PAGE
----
Zamiha Desai: First one is Seema Dhanak from V2S Empowerment. She has been instrumental, I would say, in helping our members through any domestic abuse issues. And I think we don't talk about it enough in society. And, you know, there's a road. It's a really hard, long, difficult journey. And she is with you on the kind of practical side all the way.

Zamiha Desai: Like what paperwork do you have to fill out? How, you know, what council person do you need to talk to? All that kind of practical stuff. She's given her time to so many women for so long and just made a complete difference in people's lives. So V2S [00:34:00] empowerment is one. The second one. There's two reasons.

Zamiha Desai: One, I've worked with her myself and she's helped me come out of, like, a bit of a funk. And her name is Jas Bamra from Jas Bamra Hypnotherapist. She does the rapid transformation therapy. Honestly, I was in such a bad place and she, within a week, I feel like my life turned around with her, but it's more than that.

Zamiha Desai: She's just released a book called, um, My Grief Journal for people that have experienced loss. And it's such a beautiful book, like, I think when you experience loss, you go through so many different emotions and anger and why and resentment and you're angry with God and you're angry with them and then you miss them and you feel sorrowful and this journal just helps you capture what you're feeling, but also really good memories and makes you think about, you know, happy times and kind of provoke like good thoughts

Zamiha Desai: and, and it's just, you know, you, [00:35:00] you don't want to talk about it with your friends and your family all the time. Sometimes you just need to be, and this is something you can be with. And I think it's a really important part of grieving. And I'm really proud of her for doing that. And the final one is a charity called GoDharmic that we work with on professional Asian, and they're doing so much when it comes to not only feeding people and, you know, going out and helping people and helping communities, but the environment and like they've done a massive program on Ahimsa and just

Zamiha Desai: such nice people, you know, that, that believe in so much what they're doing and Dharma and you know, all that kind of stuff and I just, I just always surprised at how on it they are and how many people they have in the community and the volunteers that help them and the work they do. It's just, it's just super amazing.

Zamiha Desai: So Go Dharmic. 

Amardeep Parmar: Awesome. And then the [00:36:00] next one is. If people could reach out to you for help, what should they reach out to you for help about?

Zamiha Desai: So just joining the community, but we've also got a hub in Northwood. So if you're feeling a bit lonely or, you know, you're an entrepreneur that has, they're at home and, you know, they're surrounded by laundry and they can't focus, which happens to a lot of us, you know, you can come into Northwood, you can co work with us.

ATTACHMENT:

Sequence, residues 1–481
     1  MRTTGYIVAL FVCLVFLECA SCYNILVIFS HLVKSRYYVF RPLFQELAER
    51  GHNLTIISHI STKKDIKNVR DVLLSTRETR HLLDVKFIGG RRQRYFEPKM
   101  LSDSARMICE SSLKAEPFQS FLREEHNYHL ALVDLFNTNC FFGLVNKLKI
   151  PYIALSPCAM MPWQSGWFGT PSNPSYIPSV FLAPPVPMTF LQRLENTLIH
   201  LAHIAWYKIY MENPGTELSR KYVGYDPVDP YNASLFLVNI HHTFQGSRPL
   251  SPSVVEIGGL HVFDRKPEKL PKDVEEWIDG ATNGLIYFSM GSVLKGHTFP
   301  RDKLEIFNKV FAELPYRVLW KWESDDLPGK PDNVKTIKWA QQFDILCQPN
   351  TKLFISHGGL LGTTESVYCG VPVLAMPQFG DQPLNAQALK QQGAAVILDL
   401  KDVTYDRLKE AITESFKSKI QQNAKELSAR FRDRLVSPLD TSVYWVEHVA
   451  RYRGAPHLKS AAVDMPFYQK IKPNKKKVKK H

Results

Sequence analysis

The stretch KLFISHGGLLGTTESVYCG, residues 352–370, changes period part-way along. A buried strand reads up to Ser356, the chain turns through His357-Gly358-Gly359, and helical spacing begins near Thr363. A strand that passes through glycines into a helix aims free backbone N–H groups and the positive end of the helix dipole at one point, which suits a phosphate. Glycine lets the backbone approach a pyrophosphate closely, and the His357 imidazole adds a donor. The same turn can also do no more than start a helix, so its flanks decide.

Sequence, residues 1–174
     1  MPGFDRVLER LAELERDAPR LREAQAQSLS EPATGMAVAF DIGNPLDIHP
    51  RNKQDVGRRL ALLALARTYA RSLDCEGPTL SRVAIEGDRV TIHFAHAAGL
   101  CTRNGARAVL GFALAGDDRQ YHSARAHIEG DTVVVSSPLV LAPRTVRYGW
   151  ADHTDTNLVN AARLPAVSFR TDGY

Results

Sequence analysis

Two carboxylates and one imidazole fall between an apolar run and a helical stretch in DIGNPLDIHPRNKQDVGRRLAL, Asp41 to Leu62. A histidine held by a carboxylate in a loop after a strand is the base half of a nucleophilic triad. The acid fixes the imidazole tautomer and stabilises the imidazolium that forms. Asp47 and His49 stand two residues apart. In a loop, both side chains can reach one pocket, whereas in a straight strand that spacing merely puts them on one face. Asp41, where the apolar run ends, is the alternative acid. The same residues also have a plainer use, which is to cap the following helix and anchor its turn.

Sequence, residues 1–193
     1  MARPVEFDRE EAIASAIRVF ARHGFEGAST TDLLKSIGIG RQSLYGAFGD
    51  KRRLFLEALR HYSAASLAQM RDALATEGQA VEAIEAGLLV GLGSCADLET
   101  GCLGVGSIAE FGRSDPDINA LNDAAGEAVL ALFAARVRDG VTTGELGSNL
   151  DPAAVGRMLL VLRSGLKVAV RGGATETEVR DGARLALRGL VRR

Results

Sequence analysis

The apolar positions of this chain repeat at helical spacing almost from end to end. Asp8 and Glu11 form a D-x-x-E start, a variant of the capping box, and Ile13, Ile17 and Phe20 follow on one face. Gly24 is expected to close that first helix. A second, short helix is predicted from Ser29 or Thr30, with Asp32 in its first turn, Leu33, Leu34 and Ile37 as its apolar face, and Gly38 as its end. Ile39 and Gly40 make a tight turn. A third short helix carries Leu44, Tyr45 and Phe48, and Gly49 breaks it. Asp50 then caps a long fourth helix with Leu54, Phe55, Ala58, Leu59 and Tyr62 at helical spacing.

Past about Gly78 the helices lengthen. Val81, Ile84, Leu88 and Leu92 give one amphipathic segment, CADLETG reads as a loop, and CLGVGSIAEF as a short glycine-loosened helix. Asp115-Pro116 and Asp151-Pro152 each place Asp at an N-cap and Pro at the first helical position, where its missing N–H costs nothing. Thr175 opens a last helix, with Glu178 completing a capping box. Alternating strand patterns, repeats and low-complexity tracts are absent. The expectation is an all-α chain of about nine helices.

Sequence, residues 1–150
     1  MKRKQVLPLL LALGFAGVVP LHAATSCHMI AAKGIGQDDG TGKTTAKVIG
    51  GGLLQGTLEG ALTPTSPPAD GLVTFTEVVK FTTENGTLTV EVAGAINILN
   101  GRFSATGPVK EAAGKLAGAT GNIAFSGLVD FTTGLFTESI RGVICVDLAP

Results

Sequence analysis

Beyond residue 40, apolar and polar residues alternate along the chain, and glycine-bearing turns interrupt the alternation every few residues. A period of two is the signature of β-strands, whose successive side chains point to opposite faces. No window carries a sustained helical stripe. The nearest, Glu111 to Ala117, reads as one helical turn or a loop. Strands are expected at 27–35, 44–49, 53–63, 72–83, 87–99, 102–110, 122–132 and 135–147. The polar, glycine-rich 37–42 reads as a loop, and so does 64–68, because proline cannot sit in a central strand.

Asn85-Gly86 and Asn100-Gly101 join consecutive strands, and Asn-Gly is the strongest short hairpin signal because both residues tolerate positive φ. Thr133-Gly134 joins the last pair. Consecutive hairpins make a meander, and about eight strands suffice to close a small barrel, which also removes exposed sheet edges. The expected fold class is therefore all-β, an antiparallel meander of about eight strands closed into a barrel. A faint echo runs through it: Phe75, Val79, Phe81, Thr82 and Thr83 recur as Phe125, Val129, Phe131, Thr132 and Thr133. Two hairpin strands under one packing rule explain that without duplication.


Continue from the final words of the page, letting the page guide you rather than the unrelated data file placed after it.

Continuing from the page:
Zamiha Desai: You can like you know, come to our workshops. You can just, um, help yourself to, you know, and we'll help you help yourself too. I think we're just there to support. So anything you need, just give us a shout really. 

Amardeep Parmar: That's  lovely. So then what's something that you're looking for help for at the moment? What recommendation needs help with?

Zamiha Desai: I think next year, what I would really like to do is help educate women. Um, and uh, there's some really amazing experts out there. So I've spoken to a couple of people like Dr. Ravino and [00:37:00] Miramanick and people like that. And I would love them to just to come and talk to the community about, you know, what they're doing and about health and well being and

Zamiha Desai: You know, positivity and anything that anyone can offer that is going to help women empower themselves. So I don't want anyone that's just there to sell a business or sell, you know, sell something. I want someone that is genuinely interested in building women up and educating them and things that they might not know, or that might be a bit taboo to talk about.

Zamiha Desai: So I would like people like that to, to  work with.

Amardeep Parmar: So thank you so much for coming on today. Really enjoyed it.

Zamiha Desai: Thank you for having me. I really appreciate it. 

Amardeep Parmar:Have you got any final words?

Zamiha Desai:  I think believe in yourself, believe in what you're doing, keep positive people around you and It's okay if things go wrong, it's not the end of the world, you can always come back from stuff and just be cognizant of what's happening [00:38:00] around you, sometimes it's alright to be a bit reactive, you know, be a bit proactive, be a bit reactive and just enjoy what you're doing, enjoy and serve.

Zamiha Desai: And you are just, you'll be fine.

Amardeep Parmar: Thank you for listening to the BAE HQ podcast today in our mission to inspire, connect, and guide the next generation of British Asian entrepreneurs. But it means so much to us. If you could subscribe to our channel, leave a review and share this with your friends.